Please login to the form below

Not currently logged in

Pompe drug wins orphan status

The US Food and Drug Administration has granted orphan drug status to BioMarin Pharmaceutical's investigational therapy for Pompe disease

The US Food and Drug Administration (FDA) has granted orphan drug status to BioMarin Pharmaceutical's investigational therapy for Pompe disease, a rare lysosomal storage disorder that damages the heart and other muscles and is often fatal.

The drug, BMN-701, is a novel fusion of insulin-like growth factor 2 and alpha glucosidase (IGF2-GAA) that is expected to begin phase I/II clinical studies in the first quarter of 2011.

Orphan drug status confers a number of benefits, including tax breaks, extra advice and assistance from the FDA, and seven years of marketing exclusivity if the product is approved. It was designed to encourage the development of treatments for diseases that affect fewer than 200,000 patients in the US.

BioMarin noted that the FDA had determined that its Pompe drug was sufficiently different from Genzyme's alglusidase alfa (Myozyme/Lumizyme) to allow BMN-701 to have its own orphan designation. Had the federal agency decided that the two treatments were not sufficiently different, BioMarin would have had to prove clinical superiority over alglusidase alfa in order to win the seven years of marketing exclusivity granted through the programme.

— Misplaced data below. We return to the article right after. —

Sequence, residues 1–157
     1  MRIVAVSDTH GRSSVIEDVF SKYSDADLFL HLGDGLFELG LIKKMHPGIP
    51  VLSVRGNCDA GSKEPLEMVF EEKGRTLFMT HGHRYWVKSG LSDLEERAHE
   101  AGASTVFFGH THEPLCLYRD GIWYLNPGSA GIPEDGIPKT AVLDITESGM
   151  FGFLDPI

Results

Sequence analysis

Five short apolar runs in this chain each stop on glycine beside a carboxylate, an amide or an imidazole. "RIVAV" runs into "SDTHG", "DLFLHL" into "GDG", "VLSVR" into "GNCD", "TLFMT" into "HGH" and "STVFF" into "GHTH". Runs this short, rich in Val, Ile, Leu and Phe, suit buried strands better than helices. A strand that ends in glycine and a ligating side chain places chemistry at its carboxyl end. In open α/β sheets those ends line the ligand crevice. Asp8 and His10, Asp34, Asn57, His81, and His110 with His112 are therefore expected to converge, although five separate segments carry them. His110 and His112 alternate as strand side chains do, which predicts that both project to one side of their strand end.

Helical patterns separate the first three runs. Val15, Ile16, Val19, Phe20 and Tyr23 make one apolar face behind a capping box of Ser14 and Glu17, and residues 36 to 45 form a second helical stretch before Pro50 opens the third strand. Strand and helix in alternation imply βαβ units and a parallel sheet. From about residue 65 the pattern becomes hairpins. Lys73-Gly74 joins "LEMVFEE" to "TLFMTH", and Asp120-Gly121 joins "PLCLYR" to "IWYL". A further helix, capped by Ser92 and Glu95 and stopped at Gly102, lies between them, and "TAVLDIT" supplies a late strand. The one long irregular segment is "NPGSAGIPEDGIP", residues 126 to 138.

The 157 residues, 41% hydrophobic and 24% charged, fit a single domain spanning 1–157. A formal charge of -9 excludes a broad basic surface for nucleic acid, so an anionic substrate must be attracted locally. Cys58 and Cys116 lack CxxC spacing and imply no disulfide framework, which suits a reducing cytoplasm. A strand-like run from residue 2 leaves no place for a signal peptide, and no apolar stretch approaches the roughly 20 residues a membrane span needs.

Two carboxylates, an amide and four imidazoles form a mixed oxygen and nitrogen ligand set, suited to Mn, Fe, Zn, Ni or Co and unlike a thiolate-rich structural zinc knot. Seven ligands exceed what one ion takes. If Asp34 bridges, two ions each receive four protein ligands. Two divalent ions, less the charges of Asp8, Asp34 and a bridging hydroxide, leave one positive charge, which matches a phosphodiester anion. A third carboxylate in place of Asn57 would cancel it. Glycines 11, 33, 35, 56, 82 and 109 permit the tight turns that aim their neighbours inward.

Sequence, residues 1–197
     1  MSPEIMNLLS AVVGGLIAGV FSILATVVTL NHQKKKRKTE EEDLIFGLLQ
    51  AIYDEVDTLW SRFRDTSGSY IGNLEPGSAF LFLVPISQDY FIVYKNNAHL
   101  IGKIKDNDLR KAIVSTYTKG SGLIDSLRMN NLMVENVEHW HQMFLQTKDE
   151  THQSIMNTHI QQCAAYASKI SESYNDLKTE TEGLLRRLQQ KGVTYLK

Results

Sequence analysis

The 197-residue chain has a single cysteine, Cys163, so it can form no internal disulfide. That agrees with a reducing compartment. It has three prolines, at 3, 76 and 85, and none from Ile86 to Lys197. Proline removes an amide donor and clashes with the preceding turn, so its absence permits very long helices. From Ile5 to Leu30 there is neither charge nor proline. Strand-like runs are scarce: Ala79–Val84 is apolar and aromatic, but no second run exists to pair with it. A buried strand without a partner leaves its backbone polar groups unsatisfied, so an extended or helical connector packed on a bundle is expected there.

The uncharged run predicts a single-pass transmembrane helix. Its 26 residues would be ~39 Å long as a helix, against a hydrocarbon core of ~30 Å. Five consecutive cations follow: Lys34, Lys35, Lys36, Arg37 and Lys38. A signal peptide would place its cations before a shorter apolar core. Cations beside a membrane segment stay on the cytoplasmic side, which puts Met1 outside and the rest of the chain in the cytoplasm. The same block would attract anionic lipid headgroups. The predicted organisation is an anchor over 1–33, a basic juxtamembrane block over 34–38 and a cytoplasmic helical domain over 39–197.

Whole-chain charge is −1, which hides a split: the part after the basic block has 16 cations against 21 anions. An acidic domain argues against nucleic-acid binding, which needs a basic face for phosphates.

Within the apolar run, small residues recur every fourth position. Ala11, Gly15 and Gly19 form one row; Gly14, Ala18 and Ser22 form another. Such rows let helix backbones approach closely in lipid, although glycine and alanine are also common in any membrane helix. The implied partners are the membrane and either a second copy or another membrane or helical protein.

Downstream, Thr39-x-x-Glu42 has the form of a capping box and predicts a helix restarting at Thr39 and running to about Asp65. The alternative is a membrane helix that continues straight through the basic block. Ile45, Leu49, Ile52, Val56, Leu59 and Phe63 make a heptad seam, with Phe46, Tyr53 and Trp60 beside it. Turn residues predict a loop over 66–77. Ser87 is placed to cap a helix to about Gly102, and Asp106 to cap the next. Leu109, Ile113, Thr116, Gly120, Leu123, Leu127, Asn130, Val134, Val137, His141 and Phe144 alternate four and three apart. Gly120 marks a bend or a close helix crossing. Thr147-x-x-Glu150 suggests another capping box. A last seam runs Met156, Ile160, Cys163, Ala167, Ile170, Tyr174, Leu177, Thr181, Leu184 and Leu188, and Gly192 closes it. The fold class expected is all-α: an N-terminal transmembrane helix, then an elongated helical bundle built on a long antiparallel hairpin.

BioMarin added the experimental Pompe treatment to its pipeline when it acquired the privately-held biotech company ZyStor in mid-August. In vitro studies suggest that the product, which uses ZyStor's proprietary Glycosylation Independent Lysosomal Targeting (GILT) technology, could deliver markedly higher levels of enzyme to the lysosomes of muscle cells in Pompe patients than Genzyme's product does, according to BioMarin.

1st September 2010


COVID-19 Updates and Daily News

Featured jobs


Add my company
CSafe Global

CSafe Global is the only global provider of a full line of cold chain solutions and is the world’s largest...

Latest intelligence

Has the pandemic opened up a future of accelerated diagnosis and better care for rare disease patients?
The challenge with rare disease is in the name – it's rare, so awareness is limited and diagnosis hindered. Could a more virtual existence change this? A Medical Affairs viewpoint...
The other side of … blood cancer
To stay motivated for the fight, some patients need to feel like active players in the treatment journey, not passengers to every decision....
COVID clinical trial
COVID-19 – a catalyst for technology adoption in clinical trials
As the COVID-19 crisis disrupts clinical trials around the globe, it is also proving to be a catalyst that may transform its approach to trials for good...